Handwashing 101: Avoid illness with proper handwashing

In 20 seconds, you can reduce your risk of illness.

Someone's hands lathered under a sink.
Photo: Big Stock/Hugh Stonelan.

It might sound simple, and you might hear a lot about handwashing, but keeping your hands clean is one of the best ways to stop the spread of germs all year, especially during flu season. Michigan State University Extension reminds you it is critical this time of year to keep your hands clean to help combat the spread of illness.

No matter where you are or what you do, keeping your hands clean is one of the most important steps you can take to protect yourself from germs that can cause illness. You may not realize how many germs can be present on your hands, but we need to remember that germs are everywhere and are shared easily. No matter what your age, young or old, you can be a great handwasher and reduce your risk of illness.

Handwashing is a simple task, but it must follow the necessary process to wash away germs. To wash your hands correctly, follow the steps below:

  • Wet your hands with warm, running water.
  • Apply liquid soap.
  • Scrub hands for at least 20 seconds, remembering to wash both front and back of hands, as well as in between fingers and under your fingernails.
  • Rinse thoroughly with warm, running water.
  • Dry hands with a single use paper towel or air dryer.

If you have children in your life, raising a good handwasher takes time. Your child will need constant reminders of how to wash hands and when to wash. Encourage them to sing a song like the “ABC’s” or “Happy Birthday,” and have them wash until they are done singing to ensure they are washing long enough to kill germs. Once handwashing becomes a habit and you make it a regular part of your child’s day, they will practice it throughout their lives.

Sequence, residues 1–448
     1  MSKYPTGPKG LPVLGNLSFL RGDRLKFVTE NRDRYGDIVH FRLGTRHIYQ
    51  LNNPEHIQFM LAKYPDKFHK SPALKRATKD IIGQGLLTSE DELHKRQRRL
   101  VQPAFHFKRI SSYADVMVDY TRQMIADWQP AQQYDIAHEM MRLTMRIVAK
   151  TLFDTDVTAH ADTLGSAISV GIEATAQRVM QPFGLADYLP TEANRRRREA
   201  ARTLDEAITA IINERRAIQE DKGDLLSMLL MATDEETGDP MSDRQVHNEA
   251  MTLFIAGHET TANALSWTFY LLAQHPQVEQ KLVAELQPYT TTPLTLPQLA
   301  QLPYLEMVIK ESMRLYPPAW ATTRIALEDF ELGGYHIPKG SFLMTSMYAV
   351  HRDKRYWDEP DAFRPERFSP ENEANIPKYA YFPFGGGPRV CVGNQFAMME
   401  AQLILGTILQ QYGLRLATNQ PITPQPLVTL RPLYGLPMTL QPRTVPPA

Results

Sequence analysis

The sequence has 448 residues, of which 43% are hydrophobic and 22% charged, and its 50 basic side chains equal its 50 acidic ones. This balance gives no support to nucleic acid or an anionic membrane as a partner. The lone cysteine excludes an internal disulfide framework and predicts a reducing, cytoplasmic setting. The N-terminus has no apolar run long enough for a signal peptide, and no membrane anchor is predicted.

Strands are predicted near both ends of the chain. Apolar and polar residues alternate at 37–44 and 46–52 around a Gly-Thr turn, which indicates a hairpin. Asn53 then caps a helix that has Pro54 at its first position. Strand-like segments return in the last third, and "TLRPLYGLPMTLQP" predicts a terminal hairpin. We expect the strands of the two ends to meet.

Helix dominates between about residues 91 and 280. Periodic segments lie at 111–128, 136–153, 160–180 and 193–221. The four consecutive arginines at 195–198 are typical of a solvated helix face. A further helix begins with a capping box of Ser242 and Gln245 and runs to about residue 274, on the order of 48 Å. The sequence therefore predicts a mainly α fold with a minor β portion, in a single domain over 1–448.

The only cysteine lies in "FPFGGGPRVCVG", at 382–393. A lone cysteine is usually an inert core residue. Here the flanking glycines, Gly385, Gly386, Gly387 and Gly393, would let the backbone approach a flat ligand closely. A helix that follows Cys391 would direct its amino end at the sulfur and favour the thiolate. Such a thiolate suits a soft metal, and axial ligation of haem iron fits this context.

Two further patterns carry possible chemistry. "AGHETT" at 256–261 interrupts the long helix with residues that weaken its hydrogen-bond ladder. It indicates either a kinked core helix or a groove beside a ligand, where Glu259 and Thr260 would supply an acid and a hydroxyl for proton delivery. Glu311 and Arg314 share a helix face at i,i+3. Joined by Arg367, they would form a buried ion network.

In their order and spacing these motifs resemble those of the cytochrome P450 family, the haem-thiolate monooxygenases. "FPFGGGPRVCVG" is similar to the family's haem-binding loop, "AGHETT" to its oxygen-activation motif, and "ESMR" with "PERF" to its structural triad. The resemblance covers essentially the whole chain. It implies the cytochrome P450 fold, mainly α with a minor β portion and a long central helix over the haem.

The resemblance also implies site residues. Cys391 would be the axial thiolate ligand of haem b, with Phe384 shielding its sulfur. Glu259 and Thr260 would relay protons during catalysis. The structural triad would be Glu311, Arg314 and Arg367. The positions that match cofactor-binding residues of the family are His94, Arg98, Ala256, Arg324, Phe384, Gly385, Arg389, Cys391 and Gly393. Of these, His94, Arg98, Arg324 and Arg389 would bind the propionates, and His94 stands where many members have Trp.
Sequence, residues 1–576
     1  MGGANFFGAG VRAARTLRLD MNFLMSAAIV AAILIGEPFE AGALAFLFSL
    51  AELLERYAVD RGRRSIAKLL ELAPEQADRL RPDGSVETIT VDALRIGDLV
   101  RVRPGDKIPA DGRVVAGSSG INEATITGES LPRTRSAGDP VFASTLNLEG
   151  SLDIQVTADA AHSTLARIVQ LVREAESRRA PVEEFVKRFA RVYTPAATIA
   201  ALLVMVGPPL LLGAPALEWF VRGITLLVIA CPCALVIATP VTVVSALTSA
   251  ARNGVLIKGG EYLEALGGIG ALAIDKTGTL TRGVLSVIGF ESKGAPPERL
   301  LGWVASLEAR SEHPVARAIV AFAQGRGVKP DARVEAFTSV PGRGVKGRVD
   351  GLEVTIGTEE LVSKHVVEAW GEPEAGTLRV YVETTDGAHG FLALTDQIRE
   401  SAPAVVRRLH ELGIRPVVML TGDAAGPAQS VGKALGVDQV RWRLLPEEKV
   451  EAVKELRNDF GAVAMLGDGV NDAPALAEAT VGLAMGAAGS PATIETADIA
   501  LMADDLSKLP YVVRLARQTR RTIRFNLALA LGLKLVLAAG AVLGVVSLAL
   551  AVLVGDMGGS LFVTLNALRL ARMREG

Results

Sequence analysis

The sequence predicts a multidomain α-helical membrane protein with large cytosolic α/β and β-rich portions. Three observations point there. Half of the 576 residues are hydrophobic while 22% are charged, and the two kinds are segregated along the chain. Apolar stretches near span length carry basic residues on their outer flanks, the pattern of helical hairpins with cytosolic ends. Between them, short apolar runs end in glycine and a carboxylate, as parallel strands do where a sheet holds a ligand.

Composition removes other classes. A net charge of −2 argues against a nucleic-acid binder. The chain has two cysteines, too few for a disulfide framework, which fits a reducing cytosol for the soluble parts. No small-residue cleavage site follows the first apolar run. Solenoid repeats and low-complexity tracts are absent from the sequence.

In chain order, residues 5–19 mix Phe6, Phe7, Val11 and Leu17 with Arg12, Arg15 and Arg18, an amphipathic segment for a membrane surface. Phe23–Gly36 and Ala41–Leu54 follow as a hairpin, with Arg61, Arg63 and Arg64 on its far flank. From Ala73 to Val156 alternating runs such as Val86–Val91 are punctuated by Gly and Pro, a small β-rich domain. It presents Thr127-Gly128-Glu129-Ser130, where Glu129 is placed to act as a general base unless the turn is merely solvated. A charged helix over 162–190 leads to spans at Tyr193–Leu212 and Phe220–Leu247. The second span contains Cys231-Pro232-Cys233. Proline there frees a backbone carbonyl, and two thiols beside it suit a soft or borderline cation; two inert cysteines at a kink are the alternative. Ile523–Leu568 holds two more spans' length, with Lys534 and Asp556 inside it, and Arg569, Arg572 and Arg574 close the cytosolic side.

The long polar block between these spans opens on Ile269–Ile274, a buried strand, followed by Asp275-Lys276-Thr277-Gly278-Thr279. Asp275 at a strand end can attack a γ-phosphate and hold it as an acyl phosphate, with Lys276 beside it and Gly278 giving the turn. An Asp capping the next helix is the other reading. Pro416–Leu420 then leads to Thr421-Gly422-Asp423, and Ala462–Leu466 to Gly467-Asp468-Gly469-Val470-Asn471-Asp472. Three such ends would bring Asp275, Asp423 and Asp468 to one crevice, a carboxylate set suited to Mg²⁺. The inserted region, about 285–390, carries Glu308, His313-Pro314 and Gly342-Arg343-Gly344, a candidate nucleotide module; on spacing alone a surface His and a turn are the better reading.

When should you wash your hands? A few examples include:

  • Before, during and after preparing food.
  • After touching cell phone, tablet or other electronic devices.
  • Before eating food.
  • After using the bathroom.
  • After blowing your nose, coughing or sneezing.
  • After changing diapers or helping child use the bathroom.
  • After caring for someone who is sick.

Thorough handwashing is the best way to keep you and those around you healthy. Be the best handwasher that you can be and help teach those in your care to do the same. For more healthy tips, visit MSU Extension's Food & Health website.

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